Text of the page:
If you are driving through Oakland or Freemont, and see a line of cars stopping ahead, you may have run into a police sobriety checkpoint. For most drivers, it can be an inconvenience and a hassle. However, for someone who has just had one or two drinks, it may cause real anxiety because of the threat of an arrest for driving under the influence, even when they are not intoxicated. People have a lot of questions about sobriety checkpoints here in the East Bay. Are DUI checkpoints even legal? What is the purpose of a DUI checkpoint? What should you do when confronted by an officer at a sobriety checkpoint?
Both California and the U.S. Supreme courts have ruled that DUI checkpoints are lawful so long as certain guidelines are met. The court considers sobriety checkpoints to be administrative inspections, and therefore an exception to traditional requirement of probable cause to stop a driver. DUI checkpoint locations are based on DUI and collision statistics, and located to maximize deterrence. California sobriety checkpoints are required to have neutral criteria for stopping cars, must have safety precautions in point, drivers should be stopped only briefly, and the checkpoints should be publicized in advance.
In some cases, police or California Highway Patrol may issue press releases or notices on their websites in advance of a planned checkpoint. Local news outlets often report on DUI locations, and there are even websites and phone apps that notify users of where and when sobriety checkpoints are going to take place, such as California DUI Checkpoints facebook page. It may seem counter intuitive to advertise DUI roadblocks, but one of the main purposes of DUI checkpoints is to deter DUIs. The National Highway Traffic Safety Administration (NHTSA) says the purpose is to maximize the deterrent effect, and increase the public perception of risk of apprehension to motorists.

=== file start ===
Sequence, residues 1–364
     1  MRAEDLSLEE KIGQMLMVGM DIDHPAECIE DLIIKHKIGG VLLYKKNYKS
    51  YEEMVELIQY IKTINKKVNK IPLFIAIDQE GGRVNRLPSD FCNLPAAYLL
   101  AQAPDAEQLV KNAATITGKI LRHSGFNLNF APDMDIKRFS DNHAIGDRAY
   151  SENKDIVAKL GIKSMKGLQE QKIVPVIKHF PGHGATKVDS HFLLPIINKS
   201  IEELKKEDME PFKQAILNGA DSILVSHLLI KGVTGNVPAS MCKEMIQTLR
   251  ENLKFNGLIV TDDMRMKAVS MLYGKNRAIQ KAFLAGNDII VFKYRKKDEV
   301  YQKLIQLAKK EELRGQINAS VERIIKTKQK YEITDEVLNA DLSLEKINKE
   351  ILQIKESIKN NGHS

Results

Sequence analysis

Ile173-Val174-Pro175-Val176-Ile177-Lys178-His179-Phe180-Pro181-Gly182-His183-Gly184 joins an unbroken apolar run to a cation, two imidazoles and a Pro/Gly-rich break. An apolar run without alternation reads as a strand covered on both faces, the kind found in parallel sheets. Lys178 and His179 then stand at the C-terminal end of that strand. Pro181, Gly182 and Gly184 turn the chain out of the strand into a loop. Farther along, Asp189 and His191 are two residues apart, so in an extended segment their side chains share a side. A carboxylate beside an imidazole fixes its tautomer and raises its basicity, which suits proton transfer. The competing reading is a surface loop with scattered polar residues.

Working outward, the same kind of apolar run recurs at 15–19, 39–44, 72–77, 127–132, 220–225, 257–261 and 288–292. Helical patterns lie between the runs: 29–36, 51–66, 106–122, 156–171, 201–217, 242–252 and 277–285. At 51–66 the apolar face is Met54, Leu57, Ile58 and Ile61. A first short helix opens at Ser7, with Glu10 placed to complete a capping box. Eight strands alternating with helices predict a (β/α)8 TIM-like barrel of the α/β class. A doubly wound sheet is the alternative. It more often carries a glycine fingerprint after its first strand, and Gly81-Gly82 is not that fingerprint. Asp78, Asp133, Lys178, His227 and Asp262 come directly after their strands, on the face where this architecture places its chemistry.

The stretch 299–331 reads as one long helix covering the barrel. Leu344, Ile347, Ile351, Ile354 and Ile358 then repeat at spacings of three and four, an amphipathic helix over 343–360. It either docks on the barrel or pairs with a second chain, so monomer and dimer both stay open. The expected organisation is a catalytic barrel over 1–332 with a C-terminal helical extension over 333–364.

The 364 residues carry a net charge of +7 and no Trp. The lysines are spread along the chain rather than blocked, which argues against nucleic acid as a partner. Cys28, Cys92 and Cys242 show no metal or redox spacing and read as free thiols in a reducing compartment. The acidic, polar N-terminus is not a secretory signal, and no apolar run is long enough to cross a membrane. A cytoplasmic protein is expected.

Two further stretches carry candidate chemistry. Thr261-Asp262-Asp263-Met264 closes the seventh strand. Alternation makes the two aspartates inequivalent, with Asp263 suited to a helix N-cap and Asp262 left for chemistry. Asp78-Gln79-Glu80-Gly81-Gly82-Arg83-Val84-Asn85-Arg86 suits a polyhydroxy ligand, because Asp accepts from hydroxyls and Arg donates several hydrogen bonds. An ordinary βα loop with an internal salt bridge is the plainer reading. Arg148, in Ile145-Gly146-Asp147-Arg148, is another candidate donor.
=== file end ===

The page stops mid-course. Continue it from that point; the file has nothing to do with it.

Berkeley uses their own website to notify residents of upcoming DUI checkpoints, including cross street locations and the time and date. In their notices, the Berkeley Police Department notes the deterrent effects of checkpoints, cites DUI statistics, and informs drivers of what the police will be looking for. Specifically, officers will ask for a valid license and proof of insurance, while looking for signs of alcohol or drug impairment. If you are unclear on what you should do when stopped at a sobriety checkpoint, check out my blog post on “What To Do If You Get Stopped.”
Almost 90 percent of California drivers support the use of DUI checkpoints. The California Office of Traffic Safety (OTS) provides funding support for cities to carry out DUI checkpoints. According to OTS, in 2013, DUIs were involved in over 800 deaths in California. The NHTSA indicates that sobriety checkpoints provide the most effective documented results of any DUI enforcement strategies, and save an estimated $6 for every $1 spent.
At the Gorelick Law Offices, attorney Lynn Gorelick has specialized in defending people in the East Bay charged with a DUI for over 30 years. In that time, she has personally handed hundreds of cases involving people arrested at DUI checkpoints, successfully defending them both in Court and in Administrative Per Se hearings with the Department of Motor Vehicles. If you have been arrested for a DUI here in the East Bay, there is still time to keep the conviction off your record. You do not have to plead guilty just because you were arrested. Contact a local East Bay DUI defense attorney who understands local DUI law, and will make sure you get the justice you deserve.